Herbert W. Franke, Stills from computer film Metamorphoses, 1984
8.12 Herbert W. Franke, Stills from computer film Metamorphoses, 1984
DIBIAS picture processing system. Computer graphics can be used to develop color stories varying through time.

By now, computer skills have become common among artists, and more user-friendly software makes it far easier to develop dynamic as well as static computer graphics. And no longer does computer-generated imagery seem to sit on a flat screen — now virtual reality works give the impression of surrounding the viewer in a participatory experience in which the environment is composed entirely of light. In Char Davies' Ephémère (8.13) participants don a stereoscopic headset and a chest-mounted device that translates their body movements and breathing into a virtual journey through virtual landscapes. These consist only of computer-generated lights creating the impression of a surreal three-dimensional world. Since the subject of this virtual reality "immersion" is the fleeting nature of time, everything encountered is in constant flux. Seeds explode into light, night turns into day, rocks pulsate. The objects in these ephemeral landscapes are, moreover, transparent and permeable rather than solidly opaque. With her background as a painter, Davies says she

worked with transparency and textured shadow-casting to create spatial ambiguity, merging objects and space, figure and ground. ... Just as the invention of film — through the technology and craft of photography — extended the stillness of painting into the flow of time, the technology associated with immersive virtual reality extends beyond the two-dimensionality of painting and film, into enveloping "circumferal' space. ... In works such as these, perceptual boundaries between inside and out may be experienced as permeable as the virtual and immaterial are confused with the bodily-felt, experienced as strangely real. Tlte visuals in these works are soft, luminous, and translucent. consisting of semi-transparent textured three-dimensional forms and flowing particles: the three-dimensional forms have been designed to be neither wholly representational (i.e. recognizable) nor wholly abstract, but to hover in between, creating perceptual ambiguity. By animating these forms, and by enabling the participant not only to see them but to float through them as well, it is possible — because of their varying degrees of transparency — to create spatially ambiguous figure/ground relationships. ... In my work, ambiguity is the key to softening, lessening the distinctions between things.[3]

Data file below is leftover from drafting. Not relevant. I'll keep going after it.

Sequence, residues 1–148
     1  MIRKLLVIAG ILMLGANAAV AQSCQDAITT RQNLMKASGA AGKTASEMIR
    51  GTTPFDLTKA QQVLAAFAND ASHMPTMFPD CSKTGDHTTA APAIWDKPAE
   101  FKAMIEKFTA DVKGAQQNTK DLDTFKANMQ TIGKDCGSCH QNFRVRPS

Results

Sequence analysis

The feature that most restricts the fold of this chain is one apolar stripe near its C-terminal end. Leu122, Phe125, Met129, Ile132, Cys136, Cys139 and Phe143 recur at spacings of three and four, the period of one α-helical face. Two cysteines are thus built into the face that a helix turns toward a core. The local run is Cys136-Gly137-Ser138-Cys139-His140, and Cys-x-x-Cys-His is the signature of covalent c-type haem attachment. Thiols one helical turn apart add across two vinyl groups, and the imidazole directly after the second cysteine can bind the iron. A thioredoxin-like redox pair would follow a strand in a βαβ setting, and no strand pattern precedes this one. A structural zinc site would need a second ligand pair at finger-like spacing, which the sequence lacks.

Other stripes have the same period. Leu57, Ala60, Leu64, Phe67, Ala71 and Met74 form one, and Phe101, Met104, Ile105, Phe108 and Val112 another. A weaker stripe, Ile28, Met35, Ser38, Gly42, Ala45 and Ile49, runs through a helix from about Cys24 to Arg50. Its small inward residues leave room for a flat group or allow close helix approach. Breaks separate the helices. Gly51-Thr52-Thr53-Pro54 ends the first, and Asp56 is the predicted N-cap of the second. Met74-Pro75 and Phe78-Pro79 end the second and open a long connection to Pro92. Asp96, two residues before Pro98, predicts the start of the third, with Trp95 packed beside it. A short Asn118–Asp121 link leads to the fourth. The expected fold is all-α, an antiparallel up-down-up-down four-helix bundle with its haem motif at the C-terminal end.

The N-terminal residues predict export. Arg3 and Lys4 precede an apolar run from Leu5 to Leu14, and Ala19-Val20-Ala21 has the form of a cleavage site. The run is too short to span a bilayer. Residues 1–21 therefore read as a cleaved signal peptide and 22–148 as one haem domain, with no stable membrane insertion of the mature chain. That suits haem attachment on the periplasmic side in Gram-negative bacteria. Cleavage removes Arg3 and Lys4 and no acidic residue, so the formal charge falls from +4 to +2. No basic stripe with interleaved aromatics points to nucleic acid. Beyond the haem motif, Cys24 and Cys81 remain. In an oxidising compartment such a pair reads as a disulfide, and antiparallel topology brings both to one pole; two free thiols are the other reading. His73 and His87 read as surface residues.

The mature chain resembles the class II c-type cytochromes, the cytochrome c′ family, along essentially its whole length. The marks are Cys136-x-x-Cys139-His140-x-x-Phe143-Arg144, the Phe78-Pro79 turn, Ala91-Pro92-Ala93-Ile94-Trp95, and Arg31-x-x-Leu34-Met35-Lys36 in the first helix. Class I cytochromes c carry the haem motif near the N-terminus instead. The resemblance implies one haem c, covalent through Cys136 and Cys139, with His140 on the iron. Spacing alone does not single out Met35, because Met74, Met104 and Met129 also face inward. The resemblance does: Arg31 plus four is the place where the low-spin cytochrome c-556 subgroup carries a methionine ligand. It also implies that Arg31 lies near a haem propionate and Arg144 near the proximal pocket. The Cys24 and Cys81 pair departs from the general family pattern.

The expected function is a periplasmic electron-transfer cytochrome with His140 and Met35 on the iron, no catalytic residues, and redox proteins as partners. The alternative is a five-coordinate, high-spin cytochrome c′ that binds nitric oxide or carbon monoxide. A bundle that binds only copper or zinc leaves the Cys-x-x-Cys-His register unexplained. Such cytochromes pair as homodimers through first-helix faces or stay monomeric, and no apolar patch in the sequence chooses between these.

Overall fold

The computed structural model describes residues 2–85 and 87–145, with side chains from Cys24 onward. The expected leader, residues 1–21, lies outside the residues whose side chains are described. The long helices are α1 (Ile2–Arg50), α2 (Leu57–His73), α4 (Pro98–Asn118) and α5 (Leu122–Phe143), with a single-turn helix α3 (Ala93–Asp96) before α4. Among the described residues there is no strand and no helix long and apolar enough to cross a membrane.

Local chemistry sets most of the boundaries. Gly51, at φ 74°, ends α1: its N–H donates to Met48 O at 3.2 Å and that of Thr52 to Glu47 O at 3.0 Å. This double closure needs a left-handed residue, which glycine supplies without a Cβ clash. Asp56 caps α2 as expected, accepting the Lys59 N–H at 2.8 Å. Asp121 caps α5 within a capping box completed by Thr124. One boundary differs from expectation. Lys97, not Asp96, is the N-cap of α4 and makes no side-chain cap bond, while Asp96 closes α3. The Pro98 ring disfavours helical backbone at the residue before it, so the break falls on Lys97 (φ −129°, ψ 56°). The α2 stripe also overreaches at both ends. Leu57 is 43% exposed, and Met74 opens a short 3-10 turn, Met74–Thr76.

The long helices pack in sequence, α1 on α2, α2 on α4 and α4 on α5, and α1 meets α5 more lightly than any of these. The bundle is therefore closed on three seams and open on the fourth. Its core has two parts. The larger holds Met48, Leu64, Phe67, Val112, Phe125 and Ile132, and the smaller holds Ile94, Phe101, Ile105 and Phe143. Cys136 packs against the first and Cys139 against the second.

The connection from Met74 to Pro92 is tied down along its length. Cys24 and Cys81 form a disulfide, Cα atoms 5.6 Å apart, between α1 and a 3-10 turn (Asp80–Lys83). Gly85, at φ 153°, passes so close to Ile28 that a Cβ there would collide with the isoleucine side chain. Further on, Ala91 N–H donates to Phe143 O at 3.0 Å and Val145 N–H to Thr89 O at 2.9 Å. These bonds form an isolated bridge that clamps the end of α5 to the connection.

Char Davies, still from <em>Ephémère</em> (1998)<em>.</em> Virtual reality installation.
8.13 Char Davies, still from Ephémère (1998). Virtual reality installation.
Char Davies' painterly approach makes virtual reality a truly immersive experience in semi-abstract landscapes of shifting colors and forms. [Digital frame captured in real-time through head-mounted display during live performace of immersive virtual environment Ephémère (1998).]